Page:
As I have emphasized already a number of times on my blog, there is much more to Spain than Madrid, Barcelona or Seville, more than than its beaches, paella and flamenco. What follows is list of some of my favourite places and attractions that many visitors to Spain leave off their itinerary, but which offer truly unforgettable experiences.
- A walk through the pueblo Setenil de las Bodegas (Province of Cadiz)
Nestled at the very bottom of several hundred meter high rock formations, seemingly barely supporting their weight and at a point of being crushed at any moment, the tiny pueblo (population of approx. 3,000) of Setenil de las Bodegas (Province of Cádiz) should be a must-see for anyone visiting this southern part of Andalusia. In addition to the unforgettable geographical and geological nature of this pueblo, it is also famed for its olive oil production. According to many Spaniards, Setenil and the surrounding areas are home to Spain’s best (extra virigin olive) oil. A visit to one of these olive oil producing ranchos is highly recommendable (see more info here)
- Ciudad Encantada (“Enchanted City”) at Serranía de Cuenca Nature Reserve (Province of Cuenca)
This spectacular collection of rock formations resembling a series of scenes and figures can be found within the limits of Serranía de Cuenca Nature Reserve (Castilla La Mancha, 20km north-east form the town of Cuenca). Molded over the last few thousand years, some of its most popular rocks include Battle of the Crocodile and the Elephant, the Mushrooms, the Lovers of Teruel and the Sea of Stone, just to name a few. As unusual as these rock formations may appear, there’s a simple scientific explanation for their shape: the lower part of the formations erode faster than the top, leaving us with these natural pieces of art. For more information, visit the reserve’s official website (ciudadencantada.es).
- Journey through “Red River” (Rio Tinto) and the surrounding mines (Province of Huelva)
Situated in the Province of Huelva close to Palos de la Frontera, in southernmost Andalusia, Rio Tinto (or “Red River”) is considered by many as the birthplace of the Iron and Copper age. Simply put, it is a mine with a 5,000 year history of extraction of all types of minerals, but predominantly gold, silver and copper. The iron content here is particularly high, tainting the river red and, thus, giving its name. A train journey that first winds along the river and through the mines and then continues through the neighbouring Picos de Aroche Natural Park with a starkly different lush green vegetation offers an array of amazing hues and contrasts. It is an experience that, for many, is a highlight of any Andalusian visit. For more information visit the Mining Railway Ride website.
- Miquel Barcelo’s modern installation at Catedral de Mallorca (Palma, Mallorca)
This unforgettable installation representing the miracle of Jesus multiplying for his followers the loaves and fish took 5 years to construct at the beginning of the 21st century. An innovative contemporary artwork of this kind isn’t often found in as historic of a structure as this 13th century Cathedral, making the contrast between the modern installation and the old, massive, gothic building particularly stark and interesting. The chapel’s walls create a cave-like feeling thanks to the cracked ceramic covers with a panoramic relief of sculpted fish, bread, fruit, and human skulls. Completing the scene’s unusual effect are the chapel’s stone furniture and darkened stained glass windows. For more information visit the Cathedral’s official website, although there is no English translation provided.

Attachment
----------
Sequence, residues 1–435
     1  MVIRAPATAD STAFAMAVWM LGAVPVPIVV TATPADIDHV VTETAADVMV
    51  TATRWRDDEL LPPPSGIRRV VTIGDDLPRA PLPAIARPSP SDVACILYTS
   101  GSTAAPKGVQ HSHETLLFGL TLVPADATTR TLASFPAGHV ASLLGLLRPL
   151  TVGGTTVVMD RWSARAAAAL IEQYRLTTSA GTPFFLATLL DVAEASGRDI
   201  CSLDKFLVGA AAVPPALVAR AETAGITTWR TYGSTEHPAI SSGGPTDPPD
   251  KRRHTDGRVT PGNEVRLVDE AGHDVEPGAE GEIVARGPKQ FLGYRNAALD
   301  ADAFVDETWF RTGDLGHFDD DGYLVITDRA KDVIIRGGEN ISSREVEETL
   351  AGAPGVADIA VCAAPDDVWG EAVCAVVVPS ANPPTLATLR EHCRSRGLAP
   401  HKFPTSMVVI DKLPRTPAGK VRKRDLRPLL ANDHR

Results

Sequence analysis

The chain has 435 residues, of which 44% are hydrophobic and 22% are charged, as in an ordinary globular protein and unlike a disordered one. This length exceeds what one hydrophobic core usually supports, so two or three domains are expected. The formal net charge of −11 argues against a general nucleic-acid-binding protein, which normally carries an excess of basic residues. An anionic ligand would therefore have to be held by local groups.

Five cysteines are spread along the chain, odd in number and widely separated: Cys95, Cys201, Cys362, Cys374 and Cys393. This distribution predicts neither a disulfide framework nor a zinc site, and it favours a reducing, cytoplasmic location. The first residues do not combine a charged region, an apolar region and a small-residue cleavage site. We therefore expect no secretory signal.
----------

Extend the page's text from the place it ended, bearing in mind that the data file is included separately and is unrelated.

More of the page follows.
- A stroll through the modernist Montjuic Cemetery with views of the sea (Barcelona)
Barcelona’s largest and, by far, most interesting cemetery, is located on the top of Montjuic, which offers a spectacular panorama of the Mediterranean Sea. It features graves of some of Catalunia’s and Spain’s most important personalities, such as Joan Miro, and houses many moving memorials, particularly the one dedicated to the victims of fascism and the holocaust as well as the Pedrera, a mass-grave containing bodies of approx. 4,000 victims of Franco’s regime (executed after Barcelona’s fall during the Civil War). A crematorium dating back to the Roman times can be found at the very top of the mountain.
Just how large is the cemetery? Simply put, it is huge, requiring up to 3 hours in order to explore it in its entirety. However, according to many, an afternoon walk through it, surrounded by the modernist graves and sculptures, melancholy memorials, tall pine trees and views of the blue Mediterranean Sea, make for one of Barcelona’s most memorable experiences. For more information, visit the cemetry’s official website.
For more information about these and any other unusual places in Spain, or to design your own personalized itinerary centered around off-the-beaten-path destinations and attractions, please Contact Us directly. We will make sure to work with you to curate the type of customized trip that will not only meet, but exceed, all your expectations.